Sorella has ‘a little bit of everything’

04171420 Citizen SorellaFour years ago, Carla Davis came to a crossroads in her life. The wife and mother needed was looking to spend more time with her loved ones and a career of loaning money in the banking industry wasn’t allowing that to happen.

A move into a far different career resulted with the purchase of a monograming machine and after some trial and error, the emergence of Sorella’s, a boutique and interior design shop, came into existence.
“I never thought I would be doing this. I was in banking for seven years. I started at Mechanics Bank and then I worked at Bank of Commerce preparing loans, commercial and consumer. It got to be to where I couldn’t do anything with my kids. It was kind of taking over and my husband asked me to please stop and then we just started doing the monograming at home about two months after I left the bank,” Davis said about the genesis of Sorella, a store that offers a little bit of everything. “It’s comfortable and laid back. We’ve always done monogramming since I left the bank. We’ve been doing it for four years and there was nowhere in town where you could buy plus-size clothes that were cute. We joked and played around with it a bit and decided we should just do it. We went head first.”
Davis went into her new venture head first with relative Magan Klepzig, whose mother Lynn Klepzig, and grandmother, Betsy Aloway, operate Furniture World next door to Sorella on West Jackson Avenue. The family-run business actually promotes a family atmosphere, all the way down to in-store babysitting for mom when she comes to shop.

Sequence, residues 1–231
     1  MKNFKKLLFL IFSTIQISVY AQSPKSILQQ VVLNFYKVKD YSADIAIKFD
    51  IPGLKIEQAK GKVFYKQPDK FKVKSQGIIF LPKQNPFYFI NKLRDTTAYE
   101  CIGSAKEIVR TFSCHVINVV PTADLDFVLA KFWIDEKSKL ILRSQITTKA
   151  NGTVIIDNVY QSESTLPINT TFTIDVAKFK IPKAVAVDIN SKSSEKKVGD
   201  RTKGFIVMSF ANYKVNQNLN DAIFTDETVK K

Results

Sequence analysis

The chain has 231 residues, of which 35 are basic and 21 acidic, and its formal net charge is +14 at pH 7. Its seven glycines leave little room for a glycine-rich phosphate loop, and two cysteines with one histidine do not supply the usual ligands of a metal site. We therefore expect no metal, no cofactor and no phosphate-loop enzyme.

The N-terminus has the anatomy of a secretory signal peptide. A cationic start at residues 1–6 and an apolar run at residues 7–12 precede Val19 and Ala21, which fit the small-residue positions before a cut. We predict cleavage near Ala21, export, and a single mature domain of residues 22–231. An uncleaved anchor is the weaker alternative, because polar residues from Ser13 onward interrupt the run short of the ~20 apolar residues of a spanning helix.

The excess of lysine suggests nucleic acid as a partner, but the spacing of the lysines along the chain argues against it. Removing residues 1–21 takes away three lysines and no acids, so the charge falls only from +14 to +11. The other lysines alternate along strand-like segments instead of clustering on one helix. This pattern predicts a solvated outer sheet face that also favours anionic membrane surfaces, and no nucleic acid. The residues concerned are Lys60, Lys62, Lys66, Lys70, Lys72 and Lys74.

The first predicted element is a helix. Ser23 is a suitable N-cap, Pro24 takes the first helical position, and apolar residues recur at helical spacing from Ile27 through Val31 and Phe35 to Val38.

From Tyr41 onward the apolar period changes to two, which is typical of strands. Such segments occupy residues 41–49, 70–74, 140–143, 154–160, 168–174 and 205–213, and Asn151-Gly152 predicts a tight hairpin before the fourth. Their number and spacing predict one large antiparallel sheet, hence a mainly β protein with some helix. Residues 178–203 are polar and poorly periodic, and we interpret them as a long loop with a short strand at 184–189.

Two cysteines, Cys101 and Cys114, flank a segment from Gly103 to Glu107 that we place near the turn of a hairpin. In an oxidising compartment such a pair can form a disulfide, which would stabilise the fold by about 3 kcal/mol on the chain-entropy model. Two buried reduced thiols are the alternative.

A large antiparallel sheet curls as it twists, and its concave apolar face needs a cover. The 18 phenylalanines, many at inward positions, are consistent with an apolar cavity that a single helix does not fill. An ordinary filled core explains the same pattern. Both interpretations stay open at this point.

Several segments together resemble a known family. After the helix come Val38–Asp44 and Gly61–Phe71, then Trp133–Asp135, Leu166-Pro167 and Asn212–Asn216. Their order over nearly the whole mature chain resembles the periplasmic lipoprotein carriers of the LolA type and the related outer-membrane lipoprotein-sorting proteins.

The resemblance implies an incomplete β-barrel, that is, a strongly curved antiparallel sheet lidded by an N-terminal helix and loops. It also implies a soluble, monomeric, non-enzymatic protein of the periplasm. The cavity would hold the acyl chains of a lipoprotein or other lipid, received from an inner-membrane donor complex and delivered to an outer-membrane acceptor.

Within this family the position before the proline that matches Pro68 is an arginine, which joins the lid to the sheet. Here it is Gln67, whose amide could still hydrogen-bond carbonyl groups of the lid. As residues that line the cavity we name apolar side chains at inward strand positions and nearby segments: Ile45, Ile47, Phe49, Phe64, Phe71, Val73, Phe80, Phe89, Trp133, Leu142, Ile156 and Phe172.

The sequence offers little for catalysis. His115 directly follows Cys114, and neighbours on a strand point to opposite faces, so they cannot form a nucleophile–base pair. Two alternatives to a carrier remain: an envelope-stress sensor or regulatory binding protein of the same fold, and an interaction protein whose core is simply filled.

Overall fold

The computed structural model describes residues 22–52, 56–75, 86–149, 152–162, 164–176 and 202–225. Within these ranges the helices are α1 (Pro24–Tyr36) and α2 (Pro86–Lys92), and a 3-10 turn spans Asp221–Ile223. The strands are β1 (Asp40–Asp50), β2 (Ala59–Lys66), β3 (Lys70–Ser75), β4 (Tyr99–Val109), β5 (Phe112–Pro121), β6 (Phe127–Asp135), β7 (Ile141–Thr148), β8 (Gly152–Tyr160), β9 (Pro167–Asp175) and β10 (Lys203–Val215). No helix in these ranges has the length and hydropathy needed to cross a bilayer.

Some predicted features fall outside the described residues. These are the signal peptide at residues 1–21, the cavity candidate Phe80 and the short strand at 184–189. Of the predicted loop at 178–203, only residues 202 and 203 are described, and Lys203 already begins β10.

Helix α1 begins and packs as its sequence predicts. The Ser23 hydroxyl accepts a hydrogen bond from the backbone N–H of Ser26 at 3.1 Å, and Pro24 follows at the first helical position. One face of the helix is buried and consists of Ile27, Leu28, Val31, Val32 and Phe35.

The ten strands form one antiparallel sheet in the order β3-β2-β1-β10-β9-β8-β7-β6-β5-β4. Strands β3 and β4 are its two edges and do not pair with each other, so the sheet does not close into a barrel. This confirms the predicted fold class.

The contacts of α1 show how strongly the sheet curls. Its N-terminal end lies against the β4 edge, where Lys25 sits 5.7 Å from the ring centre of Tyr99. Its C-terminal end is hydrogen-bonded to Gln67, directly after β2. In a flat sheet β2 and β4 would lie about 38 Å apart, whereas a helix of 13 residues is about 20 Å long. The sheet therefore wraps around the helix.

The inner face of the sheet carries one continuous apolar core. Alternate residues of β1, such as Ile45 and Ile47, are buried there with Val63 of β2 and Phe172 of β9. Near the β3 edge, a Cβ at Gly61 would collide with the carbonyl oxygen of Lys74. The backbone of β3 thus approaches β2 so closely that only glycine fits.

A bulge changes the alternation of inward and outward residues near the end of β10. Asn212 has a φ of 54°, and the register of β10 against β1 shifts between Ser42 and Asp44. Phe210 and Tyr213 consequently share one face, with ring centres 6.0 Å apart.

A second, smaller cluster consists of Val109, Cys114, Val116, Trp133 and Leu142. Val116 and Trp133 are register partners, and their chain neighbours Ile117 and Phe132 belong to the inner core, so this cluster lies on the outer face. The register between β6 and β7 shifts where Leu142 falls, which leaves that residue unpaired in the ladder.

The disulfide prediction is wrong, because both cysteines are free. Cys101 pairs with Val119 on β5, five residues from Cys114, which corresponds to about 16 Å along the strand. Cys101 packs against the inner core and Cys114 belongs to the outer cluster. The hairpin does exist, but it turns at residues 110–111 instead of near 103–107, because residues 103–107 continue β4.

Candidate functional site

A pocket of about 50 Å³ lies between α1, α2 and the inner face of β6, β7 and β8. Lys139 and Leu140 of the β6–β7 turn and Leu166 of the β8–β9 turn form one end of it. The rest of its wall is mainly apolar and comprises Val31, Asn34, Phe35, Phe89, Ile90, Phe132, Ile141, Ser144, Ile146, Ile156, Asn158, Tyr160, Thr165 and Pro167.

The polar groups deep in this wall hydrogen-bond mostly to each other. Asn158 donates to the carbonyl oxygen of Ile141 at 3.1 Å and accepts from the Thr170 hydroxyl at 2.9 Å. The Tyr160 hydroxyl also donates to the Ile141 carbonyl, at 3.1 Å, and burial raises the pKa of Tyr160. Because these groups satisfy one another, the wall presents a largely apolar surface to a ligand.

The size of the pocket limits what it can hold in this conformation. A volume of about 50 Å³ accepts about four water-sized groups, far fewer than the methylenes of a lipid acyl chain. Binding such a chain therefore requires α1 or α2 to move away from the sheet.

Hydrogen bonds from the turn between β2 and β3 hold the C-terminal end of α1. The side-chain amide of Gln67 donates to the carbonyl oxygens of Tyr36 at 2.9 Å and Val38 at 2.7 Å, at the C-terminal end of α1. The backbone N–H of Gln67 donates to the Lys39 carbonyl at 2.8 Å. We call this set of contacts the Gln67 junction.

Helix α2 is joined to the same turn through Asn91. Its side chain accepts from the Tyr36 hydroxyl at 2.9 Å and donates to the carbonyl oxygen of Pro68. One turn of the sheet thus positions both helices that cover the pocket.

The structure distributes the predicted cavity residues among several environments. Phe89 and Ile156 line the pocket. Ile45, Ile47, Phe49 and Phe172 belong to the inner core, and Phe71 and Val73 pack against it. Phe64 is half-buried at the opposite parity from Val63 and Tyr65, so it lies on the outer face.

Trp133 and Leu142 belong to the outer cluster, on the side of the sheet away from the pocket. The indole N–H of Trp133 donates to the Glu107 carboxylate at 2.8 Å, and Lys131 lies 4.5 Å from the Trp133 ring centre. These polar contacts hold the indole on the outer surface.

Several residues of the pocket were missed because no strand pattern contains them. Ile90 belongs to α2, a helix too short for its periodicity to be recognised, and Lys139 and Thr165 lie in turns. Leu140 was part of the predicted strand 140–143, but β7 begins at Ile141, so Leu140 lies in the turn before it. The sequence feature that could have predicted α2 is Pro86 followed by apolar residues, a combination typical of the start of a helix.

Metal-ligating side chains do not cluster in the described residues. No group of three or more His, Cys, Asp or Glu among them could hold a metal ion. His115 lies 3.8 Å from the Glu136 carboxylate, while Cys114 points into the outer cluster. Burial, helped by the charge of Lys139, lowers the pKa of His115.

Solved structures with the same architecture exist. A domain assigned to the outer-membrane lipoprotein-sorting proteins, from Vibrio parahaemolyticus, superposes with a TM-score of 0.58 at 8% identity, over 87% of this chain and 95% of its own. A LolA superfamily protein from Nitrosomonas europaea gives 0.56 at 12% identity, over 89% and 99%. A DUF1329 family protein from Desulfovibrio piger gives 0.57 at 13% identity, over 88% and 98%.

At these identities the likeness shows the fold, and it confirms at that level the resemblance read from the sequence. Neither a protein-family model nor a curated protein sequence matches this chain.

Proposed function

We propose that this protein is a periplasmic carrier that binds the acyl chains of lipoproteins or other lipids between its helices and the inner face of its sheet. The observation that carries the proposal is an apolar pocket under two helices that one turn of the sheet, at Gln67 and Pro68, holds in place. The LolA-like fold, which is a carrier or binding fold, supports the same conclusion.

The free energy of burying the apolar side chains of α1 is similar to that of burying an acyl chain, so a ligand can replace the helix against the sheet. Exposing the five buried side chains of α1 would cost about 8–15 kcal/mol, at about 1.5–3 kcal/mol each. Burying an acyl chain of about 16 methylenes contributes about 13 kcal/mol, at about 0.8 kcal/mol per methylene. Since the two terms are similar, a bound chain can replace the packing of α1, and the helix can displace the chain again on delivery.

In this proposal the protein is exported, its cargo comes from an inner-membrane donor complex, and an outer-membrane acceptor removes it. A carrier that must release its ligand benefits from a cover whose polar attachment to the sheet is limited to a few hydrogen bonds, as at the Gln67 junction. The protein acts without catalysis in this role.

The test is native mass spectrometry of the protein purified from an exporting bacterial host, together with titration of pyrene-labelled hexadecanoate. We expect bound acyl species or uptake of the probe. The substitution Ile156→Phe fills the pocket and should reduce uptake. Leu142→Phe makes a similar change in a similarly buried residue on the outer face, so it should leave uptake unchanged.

“Everyone has been really positive about the whole thing. They say they love the location. You don’t have to fight for parking. We love playing with kids so we watch kids a lot of times while moms are shopping,” said Klepzig, who is studying to be a nurse when she is not helping at the store. “I know if I’m not around, she’s here during the day. But she knows I’m coming by at 1 or 2 o’clock every day. If she’s going out of town and something needs to get done, I’m going to do it. My mom is next door if both of us are gone and something goes wrong.”
Klepzig has been assisting Davis with monogramming items ever since the move. Eventually, the business became so prosperous – the duo said they had to constantly meet customers around town ‑ that a move into store front was necessary. The current location became available in March and the inventory has increased ever since.
“It just got hectic. Around August we started looking for a place and it took a few weeks of calling around. We opened in the first part in September and changed locations here,” Klepzig said. “We have plenty of space to monogram, all the vinyl. The floor is much bigger, more frontage.”

Early success depended on trial, and error. The first designs on bags and similar products didn’t just happen, it was learned.

“The first night we stayed up until 3 a.m., trying to do one shirt. It was pretty sad. We’ve had a lot of practice. We’ve got it down now,” Davis said. “We knew somebody that was selling their machine and they were going out of business, so that kind of pushed us to do it. Monograming is crazy right now. We can monogram anything. We can do hats, bags, shirts, shoes, everything you can think of pretty much.”